You're nonessential -- get used to it Furloughed federal workers have bruised budgets, egos: THE GOVERNMENT SHUTDOWN

November 18, 1995|By Ann LoLordo | Ann LoLordo,SUN NATIONAL STAFF Sun staff writers Michael James and Kerry A. White contributed to this article.

Day Four in the partial shutdown of the federal government. Nerves are frayed. Egos are fragile. Morale is low. Paychecks are nonexistent. Humor is essential.

"My mother disputes that I'm essential in any way," deadpans Paul Hazlehurst, a lawyer in the Federal Public Defender's Office in Baltimore.

Only kidding, Mom.

At the public defender's office, lawyers and nonlawyers were busy at work yesterday. They represent defendants charged with federal crimes who can't afford a lawyer. Theirs is among the few federal agencies not furloughed.

"As long as people are getting locked up, we'll continue to work," says chief investigator Joseph Segretti.

As some federal workers at the Social Security and Veterans administrations prepare to return to work Monday, the debate surrounding the E-word rages on.

"We hate that word, essential," said Magda Lynn Seymour, a spokeswoman for the 700,000-member American Federation of Government Employees. "We know all government workers are essential. If they weren't, they would have been downsized already."

If the shutdown is shrinking federal spending, it's also deflating federal egos.

"If you're furloughed it adds a whole new dimension, being called nonessential," says Charles Traber, a budget analyst at the Social Security Administration in Woodlawn.

Dr. Peggy McCardle is one of the nonessentials -- at least in furlough parlance. She's home in Columbia, waiting for word on when she can get return to work. Dr. McCardle works in the Division of Research Grants at the National Institutes of Health in Rockville.

"My big concern is nobody has even mentioned biomedical research as a priority," says Dr. McCardle. "Is funding biomedical research to improve the health of the nation essential or not?"

"They talk about closing the Grand Canyon. They've already closed the NIH," she says in exasperation. "I don't understand why they can't pass a continuing resolution to let all of us do our jobs while they sit down and fight this out."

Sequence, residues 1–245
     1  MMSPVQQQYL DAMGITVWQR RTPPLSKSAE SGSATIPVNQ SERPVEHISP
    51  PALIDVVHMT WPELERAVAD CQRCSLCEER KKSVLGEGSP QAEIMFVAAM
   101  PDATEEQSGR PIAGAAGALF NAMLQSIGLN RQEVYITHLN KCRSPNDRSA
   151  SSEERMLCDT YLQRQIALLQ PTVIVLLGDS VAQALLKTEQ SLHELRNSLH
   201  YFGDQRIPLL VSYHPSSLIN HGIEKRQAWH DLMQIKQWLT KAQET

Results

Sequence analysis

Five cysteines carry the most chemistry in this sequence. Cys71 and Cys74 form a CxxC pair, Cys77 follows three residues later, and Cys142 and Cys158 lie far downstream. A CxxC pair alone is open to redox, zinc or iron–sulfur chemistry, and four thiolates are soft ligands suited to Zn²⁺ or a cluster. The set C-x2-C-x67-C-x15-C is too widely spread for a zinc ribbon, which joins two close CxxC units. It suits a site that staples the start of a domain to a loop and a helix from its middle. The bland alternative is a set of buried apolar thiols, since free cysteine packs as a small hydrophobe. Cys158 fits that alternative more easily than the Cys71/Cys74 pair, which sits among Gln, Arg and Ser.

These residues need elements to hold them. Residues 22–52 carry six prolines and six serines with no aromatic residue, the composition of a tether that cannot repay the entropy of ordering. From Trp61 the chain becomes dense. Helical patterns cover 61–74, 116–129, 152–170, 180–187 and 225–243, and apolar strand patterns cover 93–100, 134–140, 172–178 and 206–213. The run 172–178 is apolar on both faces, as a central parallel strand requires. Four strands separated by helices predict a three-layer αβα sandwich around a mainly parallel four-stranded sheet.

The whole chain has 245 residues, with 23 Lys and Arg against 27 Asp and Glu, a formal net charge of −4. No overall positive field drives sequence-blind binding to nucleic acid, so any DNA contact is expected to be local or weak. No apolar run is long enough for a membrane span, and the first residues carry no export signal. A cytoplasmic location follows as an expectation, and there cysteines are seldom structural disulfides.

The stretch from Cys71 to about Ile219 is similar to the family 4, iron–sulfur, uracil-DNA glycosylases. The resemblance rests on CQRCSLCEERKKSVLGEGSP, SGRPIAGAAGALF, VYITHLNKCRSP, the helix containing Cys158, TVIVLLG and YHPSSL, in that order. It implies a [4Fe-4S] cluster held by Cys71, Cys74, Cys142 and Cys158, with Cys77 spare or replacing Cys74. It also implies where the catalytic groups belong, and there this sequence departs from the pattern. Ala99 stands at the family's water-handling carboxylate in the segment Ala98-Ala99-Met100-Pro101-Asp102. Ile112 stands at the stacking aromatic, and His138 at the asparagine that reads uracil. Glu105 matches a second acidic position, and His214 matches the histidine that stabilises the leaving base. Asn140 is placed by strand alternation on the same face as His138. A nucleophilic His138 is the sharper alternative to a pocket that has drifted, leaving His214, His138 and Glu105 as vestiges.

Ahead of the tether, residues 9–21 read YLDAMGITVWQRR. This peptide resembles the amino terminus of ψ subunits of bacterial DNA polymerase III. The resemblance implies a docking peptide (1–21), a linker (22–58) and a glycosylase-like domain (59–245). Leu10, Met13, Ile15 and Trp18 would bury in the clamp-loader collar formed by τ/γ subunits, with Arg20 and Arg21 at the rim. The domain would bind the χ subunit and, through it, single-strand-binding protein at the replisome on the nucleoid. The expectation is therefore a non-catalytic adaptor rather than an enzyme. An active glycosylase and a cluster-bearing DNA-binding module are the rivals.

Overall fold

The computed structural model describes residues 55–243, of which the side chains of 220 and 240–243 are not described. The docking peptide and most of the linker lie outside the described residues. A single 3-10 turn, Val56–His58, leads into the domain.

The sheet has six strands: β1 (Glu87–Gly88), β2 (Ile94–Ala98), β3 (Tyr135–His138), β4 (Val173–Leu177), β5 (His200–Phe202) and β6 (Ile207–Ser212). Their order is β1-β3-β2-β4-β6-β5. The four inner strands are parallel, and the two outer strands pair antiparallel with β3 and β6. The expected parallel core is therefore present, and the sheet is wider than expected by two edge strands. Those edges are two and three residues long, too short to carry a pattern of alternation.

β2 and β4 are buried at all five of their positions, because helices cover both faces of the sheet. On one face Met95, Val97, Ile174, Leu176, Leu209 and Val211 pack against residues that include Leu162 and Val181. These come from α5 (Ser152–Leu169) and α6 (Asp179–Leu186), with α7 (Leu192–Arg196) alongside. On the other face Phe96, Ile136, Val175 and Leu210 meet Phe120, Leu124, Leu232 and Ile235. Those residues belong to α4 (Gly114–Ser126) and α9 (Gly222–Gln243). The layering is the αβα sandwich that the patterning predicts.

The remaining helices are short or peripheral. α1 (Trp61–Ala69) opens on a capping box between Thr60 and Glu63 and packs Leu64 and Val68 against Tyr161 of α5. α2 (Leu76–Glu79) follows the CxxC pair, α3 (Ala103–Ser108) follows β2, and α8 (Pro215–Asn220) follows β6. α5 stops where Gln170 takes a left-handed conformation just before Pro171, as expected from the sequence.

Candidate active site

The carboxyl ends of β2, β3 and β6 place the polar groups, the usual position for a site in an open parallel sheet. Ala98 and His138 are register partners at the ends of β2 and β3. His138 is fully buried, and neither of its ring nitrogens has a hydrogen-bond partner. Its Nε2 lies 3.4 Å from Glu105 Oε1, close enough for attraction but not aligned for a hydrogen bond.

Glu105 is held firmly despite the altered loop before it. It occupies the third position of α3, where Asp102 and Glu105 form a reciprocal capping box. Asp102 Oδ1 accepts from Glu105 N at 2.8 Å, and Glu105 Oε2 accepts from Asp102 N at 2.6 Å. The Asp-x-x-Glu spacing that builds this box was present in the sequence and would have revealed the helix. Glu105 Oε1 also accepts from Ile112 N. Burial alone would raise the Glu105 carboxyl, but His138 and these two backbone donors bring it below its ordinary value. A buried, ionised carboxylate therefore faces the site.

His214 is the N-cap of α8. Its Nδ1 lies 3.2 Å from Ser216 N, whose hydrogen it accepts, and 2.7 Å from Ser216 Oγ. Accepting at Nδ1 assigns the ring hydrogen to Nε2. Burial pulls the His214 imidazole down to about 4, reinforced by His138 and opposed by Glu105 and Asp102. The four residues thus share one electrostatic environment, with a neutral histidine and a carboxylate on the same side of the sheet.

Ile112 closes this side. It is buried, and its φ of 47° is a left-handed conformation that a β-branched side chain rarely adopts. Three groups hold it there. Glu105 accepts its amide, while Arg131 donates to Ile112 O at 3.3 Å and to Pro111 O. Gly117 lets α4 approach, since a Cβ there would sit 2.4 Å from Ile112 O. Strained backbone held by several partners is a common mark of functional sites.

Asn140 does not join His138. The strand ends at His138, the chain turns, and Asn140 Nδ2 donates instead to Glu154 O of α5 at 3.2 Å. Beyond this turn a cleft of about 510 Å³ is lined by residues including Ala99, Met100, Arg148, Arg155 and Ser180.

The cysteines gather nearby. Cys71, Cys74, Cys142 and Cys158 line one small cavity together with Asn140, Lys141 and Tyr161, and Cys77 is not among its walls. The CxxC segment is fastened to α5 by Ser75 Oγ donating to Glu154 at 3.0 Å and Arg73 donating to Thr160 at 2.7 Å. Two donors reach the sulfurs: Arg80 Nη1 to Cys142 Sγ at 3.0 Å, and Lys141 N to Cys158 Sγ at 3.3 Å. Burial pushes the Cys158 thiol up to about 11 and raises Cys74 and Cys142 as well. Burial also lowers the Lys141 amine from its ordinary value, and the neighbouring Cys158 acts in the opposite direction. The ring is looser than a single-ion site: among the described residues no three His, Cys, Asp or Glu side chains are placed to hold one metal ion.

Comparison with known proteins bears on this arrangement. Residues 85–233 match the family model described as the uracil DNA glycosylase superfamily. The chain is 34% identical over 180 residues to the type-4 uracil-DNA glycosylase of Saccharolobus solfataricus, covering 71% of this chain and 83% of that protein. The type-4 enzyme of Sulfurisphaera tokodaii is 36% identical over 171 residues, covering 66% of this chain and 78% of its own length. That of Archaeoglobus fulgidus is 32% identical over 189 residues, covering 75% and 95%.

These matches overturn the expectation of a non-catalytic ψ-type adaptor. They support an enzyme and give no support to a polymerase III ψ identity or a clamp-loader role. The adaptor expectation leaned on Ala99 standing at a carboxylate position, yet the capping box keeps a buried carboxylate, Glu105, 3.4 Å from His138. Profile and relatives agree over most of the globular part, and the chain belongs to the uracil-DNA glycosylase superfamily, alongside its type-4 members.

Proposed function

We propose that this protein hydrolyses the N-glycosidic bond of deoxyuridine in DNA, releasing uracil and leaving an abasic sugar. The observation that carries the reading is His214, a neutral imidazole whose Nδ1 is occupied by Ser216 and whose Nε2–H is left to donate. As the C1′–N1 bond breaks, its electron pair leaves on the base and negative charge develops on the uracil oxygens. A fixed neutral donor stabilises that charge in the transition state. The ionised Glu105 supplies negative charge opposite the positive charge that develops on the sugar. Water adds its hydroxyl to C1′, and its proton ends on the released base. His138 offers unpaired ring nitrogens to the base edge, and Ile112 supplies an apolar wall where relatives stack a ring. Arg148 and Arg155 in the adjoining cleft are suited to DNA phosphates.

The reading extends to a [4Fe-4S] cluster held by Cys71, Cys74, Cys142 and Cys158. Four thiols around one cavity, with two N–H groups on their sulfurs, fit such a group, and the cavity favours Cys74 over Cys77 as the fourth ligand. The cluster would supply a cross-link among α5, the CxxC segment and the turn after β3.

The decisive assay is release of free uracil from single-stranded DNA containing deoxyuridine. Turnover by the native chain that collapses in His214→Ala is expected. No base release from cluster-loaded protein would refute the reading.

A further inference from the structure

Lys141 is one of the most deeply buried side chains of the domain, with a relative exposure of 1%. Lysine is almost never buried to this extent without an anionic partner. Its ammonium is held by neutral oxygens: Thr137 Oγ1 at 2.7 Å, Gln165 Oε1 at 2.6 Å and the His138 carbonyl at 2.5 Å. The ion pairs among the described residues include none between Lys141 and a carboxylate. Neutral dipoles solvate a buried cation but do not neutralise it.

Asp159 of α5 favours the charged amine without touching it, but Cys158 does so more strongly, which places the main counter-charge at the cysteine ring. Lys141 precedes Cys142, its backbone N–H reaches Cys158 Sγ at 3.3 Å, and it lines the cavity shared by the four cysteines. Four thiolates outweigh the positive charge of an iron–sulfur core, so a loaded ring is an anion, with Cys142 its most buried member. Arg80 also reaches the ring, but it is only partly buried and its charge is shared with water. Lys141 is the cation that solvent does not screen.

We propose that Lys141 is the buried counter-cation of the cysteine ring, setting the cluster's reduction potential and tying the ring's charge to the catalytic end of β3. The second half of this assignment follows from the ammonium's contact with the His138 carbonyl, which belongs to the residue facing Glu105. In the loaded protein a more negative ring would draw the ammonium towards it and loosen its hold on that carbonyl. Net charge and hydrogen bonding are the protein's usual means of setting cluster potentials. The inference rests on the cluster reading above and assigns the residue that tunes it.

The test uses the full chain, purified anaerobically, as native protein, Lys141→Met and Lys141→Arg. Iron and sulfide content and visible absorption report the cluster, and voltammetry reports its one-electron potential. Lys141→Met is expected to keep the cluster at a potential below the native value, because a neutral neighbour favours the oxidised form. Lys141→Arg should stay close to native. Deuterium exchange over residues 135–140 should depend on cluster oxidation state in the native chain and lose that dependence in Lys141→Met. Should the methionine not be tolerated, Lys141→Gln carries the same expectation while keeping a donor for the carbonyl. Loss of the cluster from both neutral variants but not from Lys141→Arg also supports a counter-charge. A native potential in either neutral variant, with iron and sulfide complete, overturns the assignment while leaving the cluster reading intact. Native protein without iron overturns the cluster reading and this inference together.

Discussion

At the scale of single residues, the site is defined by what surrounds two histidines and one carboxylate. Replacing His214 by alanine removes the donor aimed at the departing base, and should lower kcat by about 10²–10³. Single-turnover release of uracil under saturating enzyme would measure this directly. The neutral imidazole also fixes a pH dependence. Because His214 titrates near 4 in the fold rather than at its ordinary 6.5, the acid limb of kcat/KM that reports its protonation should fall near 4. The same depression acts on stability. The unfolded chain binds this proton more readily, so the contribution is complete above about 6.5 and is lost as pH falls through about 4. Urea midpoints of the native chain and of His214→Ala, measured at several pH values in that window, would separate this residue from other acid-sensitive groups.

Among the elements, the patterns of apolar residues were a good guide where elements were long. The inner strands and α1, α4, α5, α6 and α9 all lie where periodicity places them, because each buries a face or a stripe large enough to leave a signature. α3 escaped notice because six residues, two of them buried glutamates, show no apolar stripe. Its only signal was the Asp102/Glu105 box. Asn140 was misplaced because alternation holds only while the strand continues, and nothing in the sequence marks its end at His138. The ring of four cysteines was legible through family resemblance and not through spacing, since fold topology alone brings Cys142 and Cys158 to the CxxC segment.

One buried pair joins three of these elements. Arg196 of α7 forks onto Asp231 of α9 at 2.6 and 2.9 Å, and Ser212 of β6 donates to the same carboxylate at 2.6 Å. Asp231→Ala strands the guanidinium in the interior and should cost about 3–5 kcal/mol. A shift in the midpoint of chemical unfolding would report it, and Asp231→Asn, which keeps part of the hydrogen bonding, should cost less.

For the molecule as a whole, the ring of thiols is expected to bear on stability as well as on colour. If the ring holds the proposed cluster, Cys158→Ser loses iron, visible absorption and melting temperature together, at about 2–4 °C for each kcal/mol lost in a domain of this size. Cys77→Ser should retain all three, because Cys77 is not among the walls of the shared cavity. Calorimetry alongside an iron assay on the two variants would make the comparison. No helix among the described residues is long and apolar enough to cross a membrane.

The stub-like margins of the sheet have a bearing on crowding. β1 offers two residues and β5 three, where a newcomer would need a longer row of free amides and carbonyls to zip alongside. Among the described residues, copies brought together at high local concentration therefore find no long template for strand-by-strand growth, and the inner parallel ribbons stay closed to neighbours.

What's essential varies from agency to agency.

The Agency for International Development couldn't decide whether John Norris was essential or not.

"I was out for two days, and then called back for two," says Mr. Norris, a staff writer for USAID's legislative office. "It's pretty silly. People who will ultimately get paid for working are told to stay out of the office."

Joyce Finlay is a space planner for the General Services Administration. The only person deemed "essential" in her division was a structural engineer.

"He'll be there in case the buildings come tumbling down," says Ms. Finlay, of Arlington.

"Republicans have been circulating a very unattractive joke that says, 'If all these workers aren't essential, maybe we can go without them permanently,' " says Ms. Finlay. "But the government isn't operational -- there is no work getting done."

She said a better term for the "essentials" would be "emergency employees."

Actually, the guidelines developed to interpret federal furloughs don't refer to workers as essential or nonessential. Government workers are either "excepted" or "non-excepted" from the law governing the shutdown. And the rule of thumb generally has been that "excepted" workers are those involved in "the safety of human life or the protection of property."

"To use the term essential has connotations that are very unfair," says Lawrance Haas, a spokesman for the Office of Management and Budget. "The president fully recognizes that while we have reduced positions in government, about 200,000, one of the reasons we're able to do that is the workers on the job are doing a good job."

Ms. Seymour, of the federal workers union, understands how her members feel if they've been designated "nonessential."

"It's hard not to take it personally when you've dedicated your life to your job," she says.

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